Illse Ruiz-Mercado, Omar Masera, Hilda Zamora, Kirk Smith   |   2011
Type: Research Report
Topic: Adoption
Country: Global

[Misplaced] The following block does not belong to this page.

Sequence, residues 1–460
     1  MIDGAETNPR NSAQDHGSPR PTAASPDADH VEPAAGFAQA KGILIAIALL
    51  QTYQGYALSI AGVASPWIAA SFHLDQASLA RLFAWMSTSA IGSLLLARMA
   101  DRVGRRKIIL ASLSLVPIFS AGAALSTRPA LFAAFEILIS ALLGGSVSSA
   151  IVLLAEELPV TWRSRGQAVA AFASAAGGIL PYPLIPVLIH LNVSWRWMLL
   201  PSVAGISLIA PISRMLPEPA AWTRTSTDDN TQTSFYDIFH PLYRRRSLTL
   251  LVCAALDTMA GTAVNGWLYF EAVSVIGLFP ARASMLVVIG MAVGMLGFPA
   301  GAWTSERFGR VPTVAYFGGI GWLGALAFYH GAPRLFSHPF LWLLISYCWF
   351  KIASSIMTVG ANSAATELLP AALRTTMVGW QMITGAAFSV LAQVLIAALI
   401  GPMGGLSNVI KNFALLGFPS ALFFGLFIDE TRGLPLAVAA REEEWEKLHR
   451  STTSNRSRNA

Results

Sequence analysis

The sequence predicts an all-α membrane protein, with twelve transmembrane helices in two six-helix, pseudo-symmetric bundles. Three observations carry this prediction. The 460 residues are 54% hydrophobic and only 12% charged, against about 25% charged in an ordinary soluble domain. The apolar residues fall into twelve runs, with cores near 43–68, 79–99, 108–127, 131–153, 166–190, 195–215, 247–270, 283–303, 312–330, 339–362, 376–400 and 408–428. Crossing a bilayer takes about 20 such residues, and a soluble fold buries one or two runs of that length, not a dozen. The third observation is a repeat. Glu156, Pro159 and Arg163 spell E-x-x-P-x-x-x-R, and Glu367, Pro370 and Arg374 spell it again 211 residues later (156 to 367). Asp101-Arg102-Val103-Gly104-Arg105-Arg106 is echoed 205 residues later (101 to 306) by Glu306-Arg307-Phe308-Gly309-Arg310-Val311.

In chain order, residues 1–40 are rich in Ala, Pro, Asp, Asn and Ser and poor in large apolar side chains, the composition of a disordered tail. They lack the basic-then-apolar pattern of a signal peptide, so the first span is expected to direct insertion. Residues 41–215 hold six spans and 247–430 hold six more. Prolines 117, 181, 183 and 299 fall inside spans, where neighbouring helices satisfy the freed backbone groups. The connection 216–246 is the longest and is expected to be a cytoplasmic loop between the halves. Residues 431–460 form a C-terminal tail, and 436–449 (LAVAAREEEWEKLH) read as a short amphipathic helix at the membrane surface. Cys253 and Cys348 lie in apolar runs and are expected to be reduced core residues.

The adoption and sustained use of improved cookstoves are critical performance parameters of the cooking system that must be monitored just like the rest of the stove technical requirements to ensure the sustainability of their benefits. No stove program can achieve its goals unless people initially accept the stoves and continue using them on a long-term basis. When a new stove is brought into a household, commonly a stacking of stoves and fuels takes place with each device being used for the cooking practices where it fits best. Therefore, to better understand the adoption process and assess the impacts of introducing a new stove it is necessary to examine the relative advantages of each device in terms of each of the main cooking practices and available fuels. An emerging generation of sensor- based tools is making possible continuous and objective monitoring of the stove adoption process (from acceptance to sustained use or disadoption), and has enabled its scalability. Such monitoring is also needed for transparent verification in carbon projects and for improved dissemination by strategically targeting the users with the highest adoption potential and the substitution of cooking practices with the highest indoor air pollution or greenhouse gas contributions.

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